The Clean Water Blog

Sarah Naiman

Women who are pushing boundaries: Sarah Naiman

This March,  in commemorating International Women’s Month, we’ve worked to highlight the role of inspiring women in our network...women who are pushing boundaries and bringing fresh ideas, fighting for a healthy and just tomorrow. In that spirit, meet Sarah Naiman!

Sarah has had social justice on the mind since she was young. At first she thought she may become a lawyer as she saw the legal system as one way to solve injustice; however, as Sarah went through high school and college she began seeing a bigger picture. She saw that environmental issues intersect with many other social issues and that put her on a different track. The more classes she took the more she was drawn to the environmental movement. As Sarah became more involved she started to notice how few people of color there were in these formal environmental spaces. As a Latina, this reality was both personal and problematic.

By the time Sarah came to Clean Water as a fellow in the prestigious Environmental Grantmakers Association Fellowship program, she was working on her PhD exploring the depths of environmental justice which is inherently linked to race and class. One of Sarah’s main projects with us: community research interviewing grassroots leaders who have lived near polluting power plants and trash incinerators, as well as leaders in communities of color campaigning for clean energy alternatives. By documenting the voices of people who would have otherwise gone unheard, Sarah came away with key perspectives on how to the struggle for health and justice. These include:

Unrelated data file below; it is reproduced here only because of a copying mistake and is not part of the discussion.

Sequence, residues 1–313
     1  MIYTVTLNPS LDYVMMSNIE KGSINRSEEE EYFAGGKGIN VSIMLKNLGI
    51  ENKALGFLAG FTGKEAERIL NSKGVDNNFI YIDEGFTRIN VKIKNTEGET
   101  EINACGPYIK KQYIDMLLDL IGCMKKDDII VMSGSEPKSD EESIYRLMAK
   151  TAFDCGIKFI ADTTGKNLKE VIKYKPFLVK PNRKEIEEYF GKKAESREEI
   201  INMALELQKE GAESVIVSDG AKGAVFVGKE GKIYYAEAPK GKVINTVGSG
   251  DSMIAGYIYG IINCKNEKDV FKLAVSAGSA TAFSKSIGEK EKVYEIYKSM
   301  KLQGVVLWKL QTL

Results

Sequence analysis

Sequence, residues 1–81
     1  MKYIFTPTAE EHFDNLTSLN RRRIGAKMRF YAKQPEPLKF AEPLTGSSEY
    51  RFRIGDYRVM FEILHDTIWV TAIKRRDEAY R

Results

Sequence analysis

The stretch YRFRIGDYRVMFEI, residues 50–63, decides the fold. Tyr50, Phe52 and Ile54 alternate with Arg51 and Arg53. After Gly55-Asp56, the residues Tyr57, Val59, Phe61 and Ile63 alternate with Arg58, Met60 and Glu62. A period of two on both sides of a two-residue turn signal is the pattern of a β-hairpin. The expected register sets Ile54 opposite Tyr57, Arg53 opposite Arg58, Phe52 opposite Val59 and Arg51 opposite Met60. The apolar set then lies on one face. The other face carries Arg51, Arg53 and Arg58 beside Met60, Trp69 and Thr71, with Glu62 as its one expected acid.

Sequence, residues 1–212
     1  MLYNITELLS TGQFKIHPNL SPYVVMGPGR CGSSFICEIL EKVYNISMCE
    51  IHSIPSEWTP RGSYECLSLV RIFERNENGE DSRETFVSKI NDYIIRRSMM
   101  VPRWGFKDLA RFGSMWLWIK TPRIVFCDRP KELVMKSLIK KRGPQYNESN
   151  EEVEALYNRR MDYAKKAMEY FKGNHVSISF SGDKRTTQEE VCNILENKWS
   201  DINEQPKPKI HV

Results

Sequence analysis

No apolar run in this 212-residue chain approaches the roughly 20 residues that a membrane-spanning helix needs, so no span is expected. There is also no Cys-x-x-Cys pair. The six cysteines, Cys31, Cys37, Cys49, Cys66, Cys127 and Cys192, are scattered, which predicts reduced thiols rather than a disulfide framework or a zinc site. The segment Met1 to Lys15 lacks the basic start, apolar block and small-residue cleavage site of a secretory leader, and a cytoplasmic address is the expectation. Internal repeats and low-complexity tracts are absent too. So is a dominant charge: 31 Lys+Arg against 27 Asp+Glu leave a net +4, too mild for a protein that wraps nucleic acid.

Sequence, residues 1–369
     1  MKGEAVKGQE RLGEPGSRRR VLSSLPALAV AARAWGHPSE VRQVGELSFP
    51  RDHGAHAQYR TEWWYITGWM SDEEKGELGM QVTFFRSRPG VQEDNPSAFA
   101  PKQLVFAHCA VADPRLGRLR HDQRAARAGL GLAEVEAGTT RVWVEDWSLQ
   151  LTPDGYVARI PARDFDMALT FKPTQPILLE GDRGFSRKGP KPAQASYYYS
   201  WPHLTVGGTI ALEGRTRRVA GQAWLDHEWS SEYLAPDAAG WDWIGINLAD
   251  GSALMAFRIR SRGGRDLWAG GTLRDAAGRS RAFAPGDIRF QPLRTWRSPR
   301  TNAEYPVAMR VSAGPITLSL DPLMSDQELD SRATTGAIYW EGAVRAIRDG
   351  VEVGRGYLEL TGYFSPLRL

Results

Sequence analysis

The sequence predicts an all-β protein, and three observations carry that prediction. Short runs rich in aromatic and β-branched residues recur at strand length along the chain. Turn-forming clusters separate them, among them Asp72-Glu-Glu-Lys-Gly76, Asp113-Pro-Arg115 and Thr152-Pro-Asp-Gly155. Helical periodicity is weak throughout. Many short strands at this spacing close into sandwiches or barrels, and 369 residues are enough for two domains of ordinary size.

• Keep fighting until you see change
  • Be politically active and engaged at the local level
  • Listen to your gut instinct
  • Labor and environmental movements can and should collaborate
  • The intersections between health, environment, inequality, racial and economic justice are meaningful and provide potential for true progress

Sarah also saw how everything comes down to power. Who has the power and what are they doing with it? The power was often in the hands of corporations, the government, and whomever the government prioritizes. While this could be incredibly frustrating, Sarah also came away inspired by the power in the hands of grassroots leaders and organizations like Clean Water Action working to strengthen democracy and lift the voices of low income and communities of color.

Thank you Sarah for your research and unique perspective -- we know your work will continue to document the power of equity and inclusion in the movement for health and environment!

Interested in viewing some out-takes from Sarah’s interviews? Click here and stay tuned for additional videos coming soon!